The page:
What constitutes a compassionate response? The important role of culture.

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American Psychological Association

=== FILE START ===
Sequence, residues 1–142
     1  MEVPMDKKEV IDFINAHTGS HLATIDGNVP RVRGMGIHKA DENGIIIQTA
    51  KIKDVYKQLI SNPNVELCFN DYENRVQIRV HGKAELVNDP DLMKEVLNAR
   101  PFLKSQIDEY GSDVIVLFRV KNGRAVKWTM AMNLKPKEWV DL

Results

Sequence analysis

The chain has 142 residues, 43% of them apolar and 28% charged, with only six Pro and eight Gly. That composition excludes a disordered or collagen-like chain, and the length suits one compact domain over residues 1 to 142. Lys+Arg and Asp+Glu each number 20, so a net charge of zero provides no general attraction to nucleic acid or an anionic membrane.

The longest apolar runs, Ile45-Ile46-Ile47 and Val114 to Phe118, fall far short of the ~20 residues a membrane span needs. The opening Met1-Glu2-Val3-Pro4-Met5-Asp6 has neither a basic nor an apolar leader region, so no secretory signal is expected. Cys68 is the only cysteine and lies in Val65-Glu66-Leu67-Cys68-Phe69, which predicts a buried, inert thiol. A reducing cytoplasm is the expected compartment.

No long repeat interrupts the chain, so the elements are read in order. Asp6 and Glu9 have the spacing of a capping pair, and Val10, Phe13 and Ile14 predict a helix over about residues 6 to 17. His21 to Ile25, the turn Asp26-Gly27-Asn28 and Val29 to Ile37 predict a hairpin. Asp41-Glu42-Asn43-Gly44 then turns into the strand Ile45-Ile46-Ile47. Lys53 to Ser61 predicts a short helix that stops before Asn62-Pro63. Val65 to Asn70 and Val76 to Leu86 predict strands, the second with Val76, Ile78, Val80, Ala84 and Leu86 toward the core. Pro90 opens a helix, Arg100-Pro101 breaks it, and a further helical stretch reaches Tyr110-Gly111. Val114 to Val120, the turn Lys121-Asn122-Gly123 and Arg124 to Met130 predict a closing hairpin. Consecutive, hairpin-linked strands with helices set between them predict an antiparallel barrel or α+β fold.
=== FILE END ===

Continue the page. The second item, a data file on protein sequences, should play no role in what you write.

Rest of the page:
American compassionate responses (i.e., sending sympathy cards) focus more on the positive (e.g., comforting memories) and less on the negative (e.g., the pain of someone's death) than German compassionate responses, partly because of cultural differences in how much people want to avoid feeling negative (i.e., avoided negative affect [ANA]). However, are these culture-specific compassionate responses considered more comforting and compassionate within their respective cultural context? We predicted that Americans would find responses that focus on the negative less and those that focus on the positive more comforting and compassionate than Germans will and that ANA would mediate these differences. In Study 1, 152 Americans and 315 Germans reported their ANA and rated how comforting they considered receiving different sympathy cards. As predicted, Americans found sympathy cards that contained negative content less and cards that contained positive content more comforting than Germans did. In Studies 2a and 2b, to examine whether these culture-specific conceptualizations of a comforting response would generalize to how people conceptualize a compassionate face, 118 Americans and 80 Germans selected stimuli that most resembled a compassionate (or happy) face using a reverse correlation task. As predicted, people's mental representation of a compassionate face contained more happiness/less sadness in an American than German context. Across studies, ANA partially mediated the cultural differences. This research demonstrates that responses that are intended to be compassionate might not be considered equally compassionate and comforting across cultures, which has implications for relief efforts, which are often organized internationally.